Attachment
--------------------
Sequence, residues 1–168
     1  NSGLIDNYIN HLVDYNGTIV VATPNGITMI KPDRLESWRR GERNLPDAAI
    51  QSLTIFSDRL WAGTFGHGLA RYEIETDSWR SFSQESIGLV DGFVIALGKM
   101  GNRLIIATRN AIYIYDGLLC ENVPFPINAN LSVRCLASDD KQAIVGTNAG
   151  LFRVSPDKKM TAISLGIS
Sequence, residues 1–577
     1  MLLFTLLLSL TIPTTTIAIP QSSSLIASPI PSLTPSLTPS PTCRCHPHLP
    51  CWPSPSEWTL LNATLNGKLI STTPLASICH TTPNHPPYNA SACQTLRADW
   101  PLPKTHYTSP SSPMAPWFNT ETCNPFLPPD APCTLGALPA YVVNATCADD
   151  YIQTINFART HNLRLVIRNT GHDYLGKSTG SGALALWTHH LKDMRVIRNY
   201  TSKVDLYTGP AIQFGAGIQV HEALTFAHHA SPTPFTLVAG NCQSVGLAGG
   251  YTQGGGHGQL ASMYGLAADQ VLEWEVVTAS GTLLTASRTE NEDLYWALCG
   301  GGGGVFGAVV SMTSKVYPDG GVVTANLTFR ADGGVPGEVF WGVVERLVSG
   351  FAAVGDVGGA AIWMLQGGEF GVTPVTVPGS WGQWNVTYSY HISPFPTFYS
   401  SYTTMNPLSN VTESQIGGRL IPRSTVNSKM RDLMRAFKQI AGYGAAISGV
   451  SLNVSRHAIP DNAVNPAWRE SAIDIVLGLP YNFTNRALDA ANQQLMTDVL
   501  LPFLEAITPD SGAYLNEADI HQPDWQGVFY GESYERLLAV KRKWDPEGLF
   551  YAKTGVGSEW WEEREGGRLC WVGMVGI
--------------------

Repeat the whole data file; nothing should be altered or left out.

Sequence, residues 1–168
     1  NSGLIDNYIN HLVDYNGTIV VATPNGITMI KPDRLESWRR GERNLPDAAI
    51  QSLTIFSDRL WAGTFGHGLA RYEIETDSWR SFSQESIGLV DGFVIALGKM
   101  GNRLIIATRN AIYIYDGLLC ENVPFPINAN LSVRCLASDD KQAIVGTNAG
   151  LFRVSPDKKM TAISLGIS
Sequence, residues 1–577
     1  MLLFTLLLSL TIPTTTIAIP QSSSLIASPI PSLTPSLTPS PTCRCHPHLP
    51  CWPSPSEWTL LNATLNGKLI STTPLASICH TTPNHPPYNA SACQTLRADW
   101  PLPKTHYTSP SSPMAPWFNT ETCNPFLPPD APCTLGALPA YVVNATCADD
   151  YIQTINFART HNLRLVIRNT GHDYLGKSTG SGALALWTHH LKDMRVIRNY
   201  TSKVDLYTGP AIQFGAGIQV HEALTFAHHA SPTPFTLVAG NCQSVGLAGG
   251  YTQGGGHGQL ASMYGLAADQ VLEWEVVTAS GTLLTASRTE NEDLYWALCG
   301  GGGGVFGAVV SMTSKVYPDG GVVTANLTFR ADGGVPGEVF WGVVERLVSG
   351  FAAVGDVGGA AIWMLQGGEF GVTPVTVPGS WGQWNVTYSY HISPFPTFYS
   401  SYTTMNPLSN VTESQIGGRL IPRSTVNSKM RDLMRAFKQI AGYGAAISGV
   451  SLNVSRHAIP DNAVNPAWRE SAIDIVLGLP YNFTNRALDA ANQQLMTDVL
   501  LPFLEAITPD SGAYLNEADI HQPDWQGVFY GESYERLLAV KRKWDPEGLF
   551  YAKTGVGSEW WEEREGGRLC WVGMVGI